Dennis W. Kreiner, bank executive

Dennis W. Kreiner, a former Mercantile-Safe Deposit and Trust Co. senior vice president, died of complications from diabetes Monday at his home in Phoenix, Baltimore County. He was 66.

Born in Baltimore, he spent his early childhood in the Latrobe Homes in East Baltimore. He later lived with an uncle, William Kohler, a chief district courts commissioner, and an aunt, Margaret Kohler, a hairdresser, who lived on Cedarcroft Road in the Idlewood neighborhood of Baltimore.


Mr. Kreiner attended St. Matthew School in Northwood and was a 1964 Loyola High School graduate.

He earned a sociology degree at what is now Loyola University Maryland, where he joined the Green and Gray Club, a school spirit organization. Family members said he retained close friendships with the club's surviving members, who will be his pallbearers. He later received a master of business administration degree in finance from Loyola.

In 1967, he met his wife, the former Jo-Anne "Jo" Tillman, while on a winter ski trip to the Poconos sponsored by Loyola and Notre Dame Maryland University.

"Dennis was across the aisle from me on the bus seated with three other girls on a seat designed for two," said his wife, a retired attorney. "He leaned across the aisle and introduced himself." She said they later met again at a Johns Hopkins social event, and he told friends, "That's the girl I am going to marry."

In 1968, Mr. Kreiner joined the Maryland Air National Guard and took tests that enabled him to receive training in electronics at the Chanute Air Force Base in Illinois. After nine months of instruction, Mr. Kreiner reported for duty at the Guard's Martin Airport headquarters, his wife said.

"The members of his unit started laughing when he told them he had been trained as a flight simulator specialist. They didn't have a flight simulator," she said. He later became his unit's information officer and edited The Jet Gazette, the base's newspaper.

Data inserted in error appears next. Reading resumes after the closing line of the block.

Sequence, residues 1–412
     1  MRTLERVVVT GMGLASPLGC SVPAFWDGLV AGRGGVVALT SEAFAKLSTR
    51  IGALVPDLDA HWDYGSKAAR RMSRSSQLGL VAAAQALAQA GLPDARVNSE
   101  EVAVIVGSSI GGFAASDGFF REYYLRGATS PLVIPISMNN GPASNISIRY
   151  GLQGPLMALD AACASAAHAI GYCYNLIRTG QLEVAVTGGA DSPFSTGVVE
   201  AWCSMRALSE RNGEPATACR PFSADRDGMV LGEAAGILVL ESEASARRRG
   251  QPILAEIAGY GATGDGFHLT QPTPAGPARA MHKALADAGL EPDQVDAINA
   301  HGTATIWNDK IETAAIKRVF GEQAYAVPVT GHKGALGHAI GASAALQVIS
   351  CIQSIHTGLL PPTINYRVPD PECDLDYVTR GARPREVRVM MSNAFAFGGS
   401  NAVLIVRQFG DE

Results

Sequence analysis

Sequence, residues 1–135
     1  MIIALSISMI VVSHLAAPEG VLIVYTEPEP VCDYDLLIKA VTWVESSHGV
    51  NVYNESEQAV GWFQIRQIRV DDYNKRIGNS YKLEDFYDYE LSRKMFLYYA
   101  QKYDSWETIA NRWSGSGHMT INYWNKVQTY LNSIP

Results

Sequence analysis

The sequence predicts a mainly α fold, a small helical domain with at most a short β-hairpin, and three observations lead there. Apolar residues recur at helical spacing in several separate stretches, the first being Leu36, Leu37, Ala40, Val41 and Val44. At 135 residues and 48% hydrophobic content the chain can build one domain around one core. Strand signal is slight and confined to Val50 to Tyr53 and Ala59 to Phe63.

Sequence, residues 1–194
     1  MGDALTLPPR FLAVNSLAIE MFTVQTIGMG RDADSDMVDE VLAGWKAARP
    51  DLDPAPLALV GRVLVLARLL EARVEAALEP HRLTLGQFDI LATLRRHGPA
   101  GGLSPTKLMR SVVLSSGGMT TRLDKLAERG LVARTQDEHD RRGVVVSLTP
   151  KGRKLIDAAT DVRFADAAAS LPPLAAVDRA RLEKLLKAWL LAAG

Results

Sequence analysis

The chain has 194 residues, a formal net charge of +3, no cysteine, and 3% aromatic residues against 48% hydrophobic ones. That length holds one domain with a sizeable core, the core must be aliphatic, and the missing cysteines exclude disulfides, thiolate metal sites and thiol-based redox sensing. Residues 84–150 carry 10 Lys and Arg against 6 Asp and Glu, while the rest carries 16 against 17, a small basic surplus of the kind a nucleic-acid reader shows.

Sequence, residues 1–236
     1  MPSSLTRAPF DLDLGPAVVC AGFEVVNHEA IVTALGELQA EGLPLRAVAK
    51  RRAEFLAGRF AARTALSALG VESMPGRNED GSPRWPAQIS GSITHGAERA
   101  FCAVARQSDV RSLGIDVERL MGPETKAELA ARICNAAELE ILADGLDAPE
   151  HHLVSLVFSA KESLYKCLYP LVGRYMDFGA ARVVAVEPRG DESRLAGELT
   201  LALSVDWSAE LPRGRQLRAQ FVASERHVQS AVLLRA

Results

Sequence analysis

He briefly became a city school substitute teacher and then took a clerical job at the old Mercantile-Safe Deposit and Trust Co. on Redwood Street.

"He was a self-made man," his wife said. "He was making $4,000 a year when he started at the bank."

She said he had to persuade her parents to allow her to marry. "They insisted he earn at least $6,000 a year before granting him permission," she said.

In 1970, he joined the management training program at Mercantile and entered the University of Baltimore School of Law. After graduating with a legal degree in 1974, he was the second hire for the bank's in-house legal department. Mr. Kreiner went on to become senior vice president and assistant corporate secretary.

His wife said he helped run the annual shareholders' meeting and board of directors' meetings.

"Dennis was a solid citizen. His manner was confident, and he never got excited," said H. Furlong Baldwin, former chairman of Mercantile Bankshares Corp.

Mr. Kreiner was a member of the American Banking Association and headed its Risk Management Committee. He received honors for his four decades at the bank in April 2007.

"Because he had lived through several transitions of leadership, he was in a unique position to understand Mercantile's role in the greater Baltimore community and in many charitable organizations," his wife said. "Due to his vast knowledge of the inner workings of the bank, he was frequently referred to as 'Mr. Mercantile.' "


He retired in August 2007. Several weeks later, a merger was announced with Mercantile and PNC.

He also taught business law at Towson University for many years.

He was a past president of the Southland Hills Community Association and was vice president of the Greater Towsontown Community Associations. He coached both girls and boys basketball for the Lutherville-Timonium Recreation Council.

He also served on the board of the Catholic High School of Baltimore.

Mr. Kreiner was a Ravens fan and a member of the Antique Motor Club of Greater Baltimore.

"He was passionate about music from the 1960s, especially the Beatles," his wife said. "He felt that 'Abbey Road' album, Side B, was the best music ever recorded."

A Mass of Christian burial will be celebrated at 11 a.m. Saturday at the Roman Catholic Church of the Nativity, 20 E. Ridgely Road in Timonium, where he was a member.

In addition to his wife of 43 years, survivors include a son, Michael Kreiner of Baltimore; two daughters, Alice Kreiner of Gambrills and Wendy Clark of Shrewsbury, Pa.; a brother, Louis E. Kreiner Jr. of Virginia; and a sister, Margie Kreiner Sweeney of Baltimore.